People who might be satisfied with their current weight and just want to maintain and recomposition their bodies, want to pay attention to maintenance calories as well. These are the people who want to go from fluffy to a bit more lean and muscular at the same weight.
Fat Loss, Muscle Gain & Body Composition Via Basic Nutrition Concepts
Macros are the building blocks of your overall caloric intake. These building blocks come in the form of: Fats, Protein & Carbs.
Setting up your macros determines your body composition, along with genetics & other factors but for now we are going to talk about macros’ effect on body composition. Body composition is the make up of the human body. For the purposes of fitness and nutrition, we talk about the muscle to fat ratio and use things such as Fat Free Mass Index(FFMI) which tells us how much fat free mass(muscle, bone, etc) we have.
In order to calculate our FFMI we use out height, weight body fat percentage. FFMI is also used to guess who is “natural”(not using performance drugs) & people who are “not natural.” But don’t worry about that.
Now that we know how many calories we need to consume per day with respect to our goals, we need to figure out how those calories come together. We will comprise our macros within 3 different categories: for fat loss, muscle gain & maintenance of our current body weight. There are three types of calorie sources, protein, carbohydrates & fats.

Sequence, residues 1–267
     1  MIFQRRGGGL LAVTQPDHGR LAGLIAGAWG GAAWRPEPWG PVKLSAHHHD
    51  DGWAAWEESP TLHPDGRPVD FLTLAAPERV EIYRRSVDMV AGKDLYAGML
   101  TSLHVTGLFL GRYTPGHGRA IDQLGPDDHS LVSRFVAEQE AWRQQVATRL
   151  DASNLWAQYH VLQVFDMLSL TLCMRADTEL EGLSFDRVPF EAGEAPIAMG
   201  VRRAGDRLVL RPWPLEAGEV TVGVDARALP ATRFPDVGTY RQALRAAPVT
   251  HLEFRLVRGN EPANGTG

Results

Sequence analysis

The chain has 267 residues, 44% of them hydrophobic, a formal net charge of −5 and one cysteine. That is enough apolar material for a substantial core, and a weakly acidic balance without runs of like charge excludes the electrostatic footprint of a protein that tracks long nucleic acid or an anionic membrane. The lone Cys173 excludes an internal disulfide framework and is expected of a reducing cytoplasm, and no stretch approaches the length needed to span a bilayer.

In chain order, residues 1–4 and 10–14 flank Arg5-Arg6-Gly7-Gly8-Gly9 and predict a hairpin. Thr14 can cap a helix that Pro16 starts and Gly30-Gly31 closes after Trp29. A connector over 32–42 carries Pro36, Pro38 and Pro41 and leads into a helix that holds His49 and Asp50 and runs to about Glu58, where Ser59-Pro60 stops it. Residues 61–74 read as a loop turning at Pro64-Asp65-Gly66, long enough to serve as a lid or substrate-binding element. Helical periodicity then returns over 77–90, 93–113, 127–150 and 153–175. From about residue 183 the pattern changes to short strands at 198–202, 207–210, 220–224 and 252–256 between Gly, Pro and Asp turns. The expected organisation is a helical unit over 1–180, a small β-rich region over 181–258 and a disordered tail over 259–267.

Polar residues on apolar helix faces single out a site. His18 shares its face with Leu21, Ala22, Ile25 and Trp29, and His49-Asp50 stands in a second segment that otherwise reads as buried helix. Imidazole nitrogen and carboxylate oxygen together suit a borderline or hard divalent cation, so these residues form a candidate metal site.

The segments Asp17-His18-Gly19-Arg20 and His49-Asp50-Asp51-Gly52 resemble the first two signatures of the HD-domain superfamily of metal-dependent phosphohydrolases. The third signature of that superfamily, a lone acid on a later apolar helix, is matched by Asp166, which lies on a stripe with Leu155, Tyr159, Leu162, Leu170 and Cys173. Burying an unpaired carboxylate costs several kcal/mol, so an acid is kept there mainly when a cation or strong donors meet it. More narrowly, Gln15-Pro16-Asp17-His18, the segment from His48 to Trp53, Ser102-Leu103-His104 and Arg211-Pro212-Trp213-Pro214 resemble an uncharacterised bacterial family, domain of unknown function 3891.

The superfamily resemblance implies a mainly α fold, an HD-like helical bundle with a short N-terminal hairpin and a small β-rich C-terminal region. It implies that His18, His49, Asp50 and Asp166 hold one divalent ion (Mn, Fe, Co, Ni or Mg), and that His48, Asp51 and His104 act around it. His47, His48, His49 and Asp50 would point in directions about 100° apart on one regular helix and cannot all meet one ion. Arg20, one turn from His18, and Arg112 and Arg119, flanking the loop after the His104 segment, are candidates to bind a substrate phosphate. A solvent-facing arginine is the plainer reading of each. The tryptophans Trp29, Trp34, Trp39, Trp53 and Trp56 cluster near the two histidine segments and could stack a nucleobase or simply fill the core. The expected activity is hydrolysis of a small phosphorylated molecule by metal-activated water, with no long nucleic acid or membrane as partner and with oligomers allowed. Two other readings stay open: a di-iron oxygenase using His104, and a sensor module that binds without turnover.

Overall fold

In this section we will learn the function of these macros and how to prescribe them with respect to our calorie set up. Remember, this is basic nutrition. We want the knowledge that is actionable enough to get us to our goals.
Towards the end of this section, we will talk about how to stay on track without driving ourselves insane with our diets and also fiber intake.
You can contextualize your macro breakdowns within your preferred diet. Whether you are vegan, vegetarian, pescatarian, carnivore, keto, etc you can find a macro break down that is right for you.
It may take a bit of planning and ingenuity with diets like keto and carnivore but it can most certainly work.
Remember, the below macro break downs are just guidelines. You do not have to “stick” to the macro breakdown to the exact number in order to see the results.
I also want to mention that I am writing this for people who aren’t competing for bodybuilding shows.
This information is more so for the average trainee who wants to look good and get strong.